The Blue (Velvet) Side of Wilmington
This year marks the twentieth anniversary of Wilmington's most infamous location shoot - Blue Velvet. With the movie briefly back on the big screen, WHQR's Megan Williams went looking for the film's local legacy...
Wilmington, NC – Two decades after director David Lynch chose Wilmington to represent his idealized American town... two decades after he drenched its sunlit surfaces in noir and nihilism... reminders of the film are often just around the corner.
The corner of 5th and Market - The Carolina Apartments... Front and Orange, the Barbary Coast... The neighborhoods of Sunset Park and Brookwood... After twenty years, the set pieces for Lynch's film have hardly changed at all. It's a little odd to watch such a dark film, and recognize so many pieces of home.
Twenty years on, thing have changed for a lot of the crew who worked on the film. Take, for starters, FX artist Jeff Goodwin, who's career in feature films really started with a certain ear... When Kyle McLaughlin finds the fleshy relic in a field early in Blue Velvet, the film's dark plot really gets swinging.
The latex ear Goodwin sculpted has gone from professional oddity, to collectors item, as Michele Seidman, who worked with Goodwin on the Film Gore Show at Screen Gems Studios, remembers:
"Of course, the famous ears. Now the ears have gotten so famous. There's two ears. A lot of people don't seem to realize there's two. There's the one ear Kyle finds, and there's another ear.
"It's the one that Kyle finds that everybody wants, and the one that everyone claims to be selling on Ebay and other places. So Jeff has had to call Ebay and let them know, no, he owns the ear, he's the only one who has the ear, so that anybody who claims to be selling the ear, it's a forgery, a fake, so they can cease and desist. Plus now the auction houses like Sothebys have contacted Jeff, because people want to buy the ear. And Jeff has yet to sell it. So it's still in his possession. Matter of fact, right now, it's probably in his make-up bag with him as he's traveling around the world, shooting 'War and Peace.'"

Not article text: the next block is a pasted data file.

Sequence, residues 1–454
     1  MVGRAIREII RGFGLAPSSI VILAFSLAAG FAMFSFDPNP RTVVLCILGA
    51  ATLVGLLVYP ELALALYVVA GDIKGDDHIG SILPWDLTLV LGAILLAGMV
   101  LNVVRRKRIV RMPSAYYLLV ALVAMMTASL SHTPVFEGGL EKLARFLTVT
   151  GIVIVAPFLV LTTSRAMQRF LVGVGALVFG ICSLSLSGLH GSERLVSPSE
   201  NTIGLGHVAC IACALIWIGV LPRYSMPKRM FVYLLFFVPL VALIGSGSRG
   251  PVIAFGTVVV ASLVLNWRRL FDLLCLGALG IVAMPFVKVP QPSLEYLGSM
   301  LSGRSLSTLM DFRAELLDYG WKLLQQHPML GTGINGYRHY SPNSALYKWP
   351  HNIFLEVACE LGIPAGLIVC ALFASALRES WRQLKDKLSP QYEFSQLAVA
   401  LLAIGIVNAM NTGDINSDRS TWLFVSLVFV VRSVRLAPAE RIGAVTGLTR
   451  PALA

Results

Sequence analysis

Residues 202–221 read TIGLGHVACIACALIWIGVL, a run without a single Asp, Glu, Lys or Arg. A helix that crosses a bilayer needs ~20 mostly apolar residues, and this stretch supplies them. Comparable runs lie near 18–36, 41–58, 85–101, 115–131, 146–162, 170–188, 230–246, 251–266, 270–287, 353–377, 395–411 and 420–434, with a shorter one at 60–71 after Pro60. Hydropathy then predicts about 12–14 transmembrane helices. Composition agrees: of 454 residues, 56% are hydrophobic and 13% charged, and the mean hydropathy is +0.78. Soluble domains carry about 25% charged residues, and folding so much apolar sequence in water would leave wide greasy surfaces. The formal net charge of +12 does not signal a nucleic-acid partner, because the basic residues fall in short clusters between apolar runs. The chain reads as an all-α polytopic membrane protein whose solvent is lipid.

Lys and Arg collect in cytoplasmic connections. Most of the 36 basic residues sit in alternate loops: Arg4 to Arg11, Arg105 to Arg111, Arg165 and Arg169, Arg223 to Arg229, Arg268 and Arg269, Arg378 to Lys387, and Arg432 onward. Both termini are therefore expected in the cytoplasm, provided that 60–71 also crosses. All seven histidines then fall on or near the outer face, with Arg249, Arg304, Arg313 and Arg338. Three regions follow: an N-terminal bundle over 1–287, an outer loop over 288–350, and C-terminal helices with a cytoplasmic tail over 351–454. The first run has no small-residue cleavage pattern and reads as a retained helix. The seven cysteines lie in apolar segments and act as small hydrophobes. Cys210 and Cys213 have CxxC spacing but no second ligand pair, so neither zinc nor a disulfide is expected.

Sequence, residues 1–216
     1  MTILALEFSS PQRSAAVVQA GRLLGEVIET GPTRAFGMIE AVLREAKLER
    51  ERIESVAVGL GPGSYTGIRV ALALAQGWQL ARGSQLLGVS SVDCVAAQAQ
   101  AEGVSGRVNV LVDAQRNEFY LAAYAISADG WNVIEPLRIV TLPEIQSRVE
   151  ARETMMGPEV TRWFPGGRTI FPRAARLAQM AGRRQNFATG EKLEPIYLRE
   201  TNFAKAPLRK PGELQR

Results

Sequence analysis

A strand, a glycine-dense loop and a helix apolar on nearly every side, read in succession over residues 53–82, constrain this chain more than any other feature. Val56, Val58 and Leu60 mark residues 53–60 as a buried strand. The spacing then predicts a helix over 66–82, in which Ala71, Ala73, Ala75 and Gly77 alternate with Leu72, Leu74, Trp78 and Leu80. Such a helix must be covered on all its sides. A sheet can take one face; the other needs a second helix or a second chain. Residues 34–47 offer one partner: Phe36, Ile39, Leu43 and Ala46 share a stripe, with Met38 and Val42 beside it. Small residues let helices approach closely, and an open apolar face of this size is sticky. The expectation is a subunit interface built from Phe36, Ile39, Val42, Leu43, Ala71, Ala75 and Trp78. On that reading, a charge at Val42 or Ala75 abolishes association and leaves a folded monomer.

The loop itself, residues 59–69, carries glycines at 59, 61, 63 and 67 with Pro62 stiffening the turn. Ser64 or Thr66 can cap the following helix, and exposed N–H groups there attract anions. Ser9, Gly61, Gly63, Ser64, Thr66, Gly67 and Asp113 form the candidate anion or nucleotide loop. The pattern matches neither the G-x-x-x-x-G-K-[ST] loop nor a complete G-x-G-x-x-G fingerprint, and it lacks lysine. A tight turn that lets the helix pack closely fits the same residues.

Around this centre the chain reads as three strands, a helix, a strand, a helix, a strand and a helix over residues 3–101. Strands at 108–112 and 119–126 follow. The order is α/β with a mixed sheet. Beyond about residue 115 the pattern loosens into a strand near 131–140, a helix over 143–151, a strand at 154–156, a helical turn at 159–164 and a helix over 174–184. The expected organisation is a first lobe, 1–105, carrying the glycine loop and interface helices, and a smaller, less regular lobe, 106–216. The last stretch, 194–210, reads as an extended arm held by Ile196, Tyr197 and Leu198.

From an ear in a field, to an international career. That's one story. But a lot of Blue Velvet memories have stayed in Wilmington... like the big, silent man with the blank face, the vicious eyes who haunts the film's protagonist... The man in the yellow jacket.
Fred Pickler was trying to get a prop contract with the film when David Lynch and the Artistic director nabbed him for the role of the Yellow Man. It was Pickler's biggest brush with fame, but he says he still gets recognized today, by people all around the world.
"Sometimes I'll go downtown and walk back up to the Carolina Apartments during the day, especially when there's a tour around... What I really wish I could find was that yellow jacket again, it was made by Palm Beach. And find that yellow jacket, put it on and walk down the street there and see what would happen. Could cause some wrecks. Some tourist driving through town, looking over the scenes where a lot of the movie was shot. But, yeah, it's enjoyable. I still enjoy it."